What happens when the ‘status quo’ is ambiguous? In this example half of a committee thinks a comittee member is not eligable (to attend) while half think they are.

    This was in the case of a ambiguous resignation statement that was later rescinded by that member.

  4. avatar Jean Kennedy Says:

    Hi
    Please could you tell me what is the position if a chairman
    Will not leave his chairman position and uses his casting vote
    All the time on important issues that might benefit him or another
    Company that he is involved with?

  5. avatar Jeffrey Negra Says:

    In recent meeting of two Directors of a Super Fund,the Wife chaired the meeting to pass a resolution to sell a property Husband voted not to sell and Wife to sell.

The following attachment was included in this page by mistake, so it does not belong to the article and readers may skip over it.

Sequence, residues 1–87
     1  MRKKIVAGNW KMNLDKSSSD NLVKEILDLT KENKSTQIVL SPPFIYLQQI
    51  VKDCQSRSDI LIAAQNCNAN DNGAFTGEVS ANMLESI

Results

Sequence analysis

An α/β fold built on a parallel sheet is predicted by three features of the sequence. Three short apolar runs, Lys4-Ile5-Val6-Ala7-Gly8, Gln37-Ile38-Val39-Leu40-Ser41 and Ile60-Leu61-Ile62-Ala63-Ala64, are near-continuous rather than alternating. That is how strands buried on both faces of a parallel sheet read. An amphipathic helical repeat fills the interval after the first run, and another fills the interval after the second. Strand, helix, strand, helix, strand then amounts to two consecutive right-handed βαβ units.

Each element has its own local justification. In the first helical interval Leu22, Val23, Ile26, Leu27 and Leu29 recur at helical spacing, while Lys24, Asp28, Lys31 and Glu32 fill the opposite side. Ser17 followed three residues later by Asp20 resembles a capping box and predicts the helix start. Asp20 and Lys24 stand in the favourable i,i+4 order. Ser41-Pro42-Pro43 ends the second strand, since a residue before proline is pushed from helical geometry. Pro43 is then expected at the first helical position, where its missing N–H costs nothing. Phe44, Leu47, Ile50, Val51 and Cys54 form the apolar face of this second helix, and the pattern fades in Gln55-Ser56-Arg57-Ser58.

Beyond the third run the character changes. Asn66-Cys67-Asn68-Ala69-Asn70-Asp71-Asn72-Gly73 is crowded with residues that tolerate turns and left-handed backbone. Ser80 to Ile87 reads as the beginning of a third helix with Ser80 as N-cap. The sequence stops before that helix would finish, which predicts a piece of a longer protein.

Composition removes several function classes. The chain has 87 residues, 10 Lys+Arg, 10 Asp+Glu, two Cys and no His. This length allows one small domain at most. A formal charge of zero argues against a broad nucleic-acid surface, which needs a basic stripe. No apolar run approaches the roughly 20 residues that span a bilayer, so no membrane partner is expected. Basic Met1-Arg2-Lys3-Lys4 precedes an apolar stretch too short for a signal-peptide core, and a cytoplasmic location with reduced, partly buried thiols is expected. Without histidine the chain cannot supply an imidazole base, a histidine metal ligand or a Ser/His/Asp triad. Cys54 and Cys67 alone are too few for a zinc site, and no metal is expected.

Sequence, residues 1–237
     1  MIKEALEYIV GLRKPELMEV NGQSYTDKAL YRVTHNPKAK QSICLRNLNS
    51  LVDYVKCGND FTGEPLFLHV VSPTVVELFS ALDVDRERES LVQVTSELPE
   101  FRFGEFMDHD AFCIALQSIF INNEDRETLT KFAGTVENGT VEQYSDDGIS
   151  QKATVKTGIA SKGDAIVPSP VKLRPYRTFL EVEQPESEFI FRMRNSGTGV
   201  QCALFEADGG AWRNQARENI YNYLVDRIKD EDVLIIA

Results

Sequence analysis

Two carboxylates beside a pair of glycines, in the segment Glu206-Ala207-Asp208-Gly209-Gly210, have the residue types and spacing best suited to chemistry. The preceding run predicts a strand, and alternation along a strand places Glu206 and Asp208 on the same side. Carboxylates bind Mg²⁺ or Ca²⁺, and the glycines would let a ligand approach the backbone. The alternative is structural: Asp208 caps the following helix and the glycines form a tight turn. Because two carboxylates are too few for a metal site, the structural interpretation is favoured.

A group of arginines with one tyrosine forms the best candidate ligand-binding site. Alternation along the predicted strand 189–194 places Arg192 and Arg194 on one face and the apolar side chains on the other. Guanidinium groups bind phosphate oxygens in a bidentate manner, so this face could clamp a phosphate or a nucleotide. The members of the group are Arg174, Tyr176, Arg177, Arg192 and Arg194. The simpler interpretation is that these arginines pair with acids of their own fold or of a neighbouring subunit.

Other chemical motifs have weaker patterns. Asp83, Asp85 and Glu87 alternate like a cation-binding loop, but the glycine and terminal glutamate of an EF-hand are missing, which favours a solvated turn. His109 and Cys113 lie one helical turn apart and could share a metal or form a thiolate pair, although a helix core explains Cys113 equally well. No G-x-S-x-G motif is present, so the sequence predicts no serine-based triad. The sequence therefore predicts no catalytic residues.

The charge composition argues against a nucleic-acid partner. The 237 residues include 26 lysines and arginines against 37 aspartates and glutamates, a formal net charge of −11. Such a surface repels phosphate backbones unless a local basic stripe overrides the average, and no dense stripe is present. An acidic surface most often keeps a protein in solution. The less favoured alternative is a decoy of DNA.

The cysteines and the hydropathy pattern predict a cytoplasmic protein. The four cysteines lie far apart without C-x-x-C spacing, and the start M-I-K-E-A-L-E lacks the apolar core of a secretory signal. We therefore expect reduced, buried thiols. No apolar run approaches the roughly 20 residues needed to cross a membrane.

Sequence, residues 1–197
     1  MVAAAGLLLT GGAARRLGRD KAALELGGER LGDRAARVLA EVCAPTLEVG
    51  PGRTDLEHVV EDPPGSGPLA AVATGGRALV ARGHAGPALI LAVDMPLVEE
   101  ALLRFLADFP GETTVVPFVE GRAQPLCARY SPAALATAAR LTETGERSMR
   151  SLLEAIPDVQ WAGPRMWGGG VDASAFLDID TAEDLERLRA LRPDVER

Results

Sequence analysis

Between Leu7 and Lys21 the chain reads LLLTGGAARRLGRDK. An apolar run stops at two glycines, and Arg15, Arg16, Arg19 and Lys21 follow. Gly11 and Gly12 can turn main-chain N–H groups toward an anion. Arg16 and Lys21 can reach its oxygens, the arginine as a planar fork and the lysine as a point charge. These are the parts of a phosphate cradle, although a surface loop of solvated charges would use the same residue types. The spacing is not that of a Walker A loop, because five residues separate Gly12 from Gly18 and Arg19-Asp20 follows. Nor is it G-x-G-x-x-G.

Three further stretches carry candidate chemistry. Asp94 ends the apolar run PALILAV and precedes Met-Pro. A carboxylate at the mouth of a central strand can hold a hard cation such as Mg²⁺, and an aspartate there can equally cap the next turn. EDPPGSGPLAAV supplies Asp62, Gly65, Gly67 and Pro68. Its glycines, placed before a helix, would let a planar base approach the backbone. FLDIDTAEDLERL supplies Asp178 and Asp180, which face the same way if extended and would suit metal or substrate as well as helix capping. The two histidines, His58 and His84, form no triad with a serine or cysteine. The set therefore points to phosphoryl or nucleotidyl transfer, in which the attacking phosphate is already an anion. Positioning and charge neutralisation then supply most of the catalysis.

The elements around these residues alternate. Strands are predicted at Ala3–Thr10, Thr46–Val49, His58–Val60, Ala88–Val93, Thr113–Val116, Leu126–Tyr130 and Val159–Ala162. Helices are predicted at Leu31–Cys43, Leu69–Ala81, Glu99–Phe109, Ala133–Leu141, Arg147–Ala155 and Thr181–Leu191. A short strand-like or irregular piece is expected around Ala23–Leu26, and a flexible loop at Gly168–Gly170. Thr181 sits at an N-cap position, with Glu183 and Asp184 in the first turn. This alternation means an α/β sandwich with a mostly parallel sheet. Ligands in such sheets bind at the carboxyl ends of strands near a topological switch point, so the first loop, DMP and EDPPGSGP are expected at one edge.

Then the Wife used the casting vote to get things her way. Is this in order.

  6. avatar David Price Says:

    It depends entirely on the constitution of your Super fund.
    If the rules give the chair a casting vote, then Yes, she can do what she did.
    If the rules are silent, which they quite likely are, then custom dictates that the chair has a casting vote and so, yes she can.

    Probably not the answer you want. It may be wise to seek legal advice – I am not a lawyer.

  7. avatar asmahasna Says: